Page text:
Pants made for hockey.
These, sometimes known as breezes, should extend to the knee and provide cushioning in the front, back, and sides of the upper legs and the waist.
Hockey gloves, another sport-specific gear, must allow for mobility while providing protection well beyond the wrist.
Athlete’s supporter, as well as a cup. As part of a hockey undershorts set or separately.
These protect the neck from damage, even if some leagues don’t mandate them.
It’s used to protect teeth and jaws against knock-downs and falls. The sportsmen on the ice must wear a custom-made plastic mouthguard. These can help avoid jaw injuries by protecting the teeth, lips, cheeks, and tongue.
Hockey goalkeepers require a completely distinct set of equipment in order to stay safe. They will need a goalkeeper helmet, skates, neck protector, and athletic cup. Goalkeepers should also always wear:
- Leg protectors. These need to always have the proper length and thickness to withstand even the most ferocious slap shot.
- Arm pads and chest protection are included. Arm pads should be long enough to touch the wrist. To ensure the entire front is fully protected, chest protectors should wrap slightly around the sides.
- Glove for blocking. This glove should be strong and cover the majority of the forearm while allowing the fingers to comfortably grip the stick. Catcher’s mitt Catcher gloves should have heavy padding over the wrist and palm and should extend well up the forearm, similar to a first baseman’s glove in baseball.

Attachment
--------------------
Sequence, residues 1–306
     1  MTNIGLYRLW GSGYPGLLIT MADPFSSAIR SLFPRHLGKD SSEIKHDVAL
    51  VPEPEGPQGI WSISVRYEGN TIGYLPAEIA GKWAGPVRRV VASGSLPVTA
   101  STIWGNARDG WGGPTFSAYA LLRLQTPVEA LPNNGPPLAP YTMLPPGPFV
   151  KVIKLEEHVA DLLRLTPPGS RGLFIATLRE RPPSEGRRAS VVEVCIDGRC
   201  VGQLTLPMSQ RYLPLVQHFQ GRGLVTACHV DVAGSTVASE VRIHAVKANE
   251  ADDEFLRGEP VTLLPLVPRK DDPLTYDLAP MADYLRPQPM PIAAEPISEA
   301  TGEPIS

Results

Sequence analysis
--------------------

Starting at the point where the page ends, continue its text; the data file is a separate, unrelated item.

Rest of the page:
Hockey Practice in a Safe Environment
Before learning hockey skills, players must feel at ease on the ice. Take some skating lessons and learn stopping, turning, falling, and getting back up. Knowing how to skate backward, as well as how to halt and turn while skating backward, is also beneficial.
When you’re ready to take to the ice, look for a team, league, and trainer who value safety and fairness. Check with the league to see if checking is permitted. Checking is when a player intentionally collides with another player.
Coaches should be present at all training and plays, insisting that all players wear the proper protective equipment and strictly enforcing all-league safety laws. The following are some general safety guidelines:
- Never smack another participant in the head.
- Never look behind you.
- The stick should never be used as a weapon.
- Gamers should get games physical before beginning any new sport to avoid injuries during training.
- Before you play, make sure you warm-up and stretch.
- Learn proper skills, such as giving and accepting a check, and put them into practice.
- If they are harmed or in distress, they should stop practicing. Before returning to the ice, injured players must be examined by an athletic medic, trainer, doctor, or nurse.
- Drink plenty of water before, during, and after training and games to stay hydrated.
- Understand the team’s emergency plan.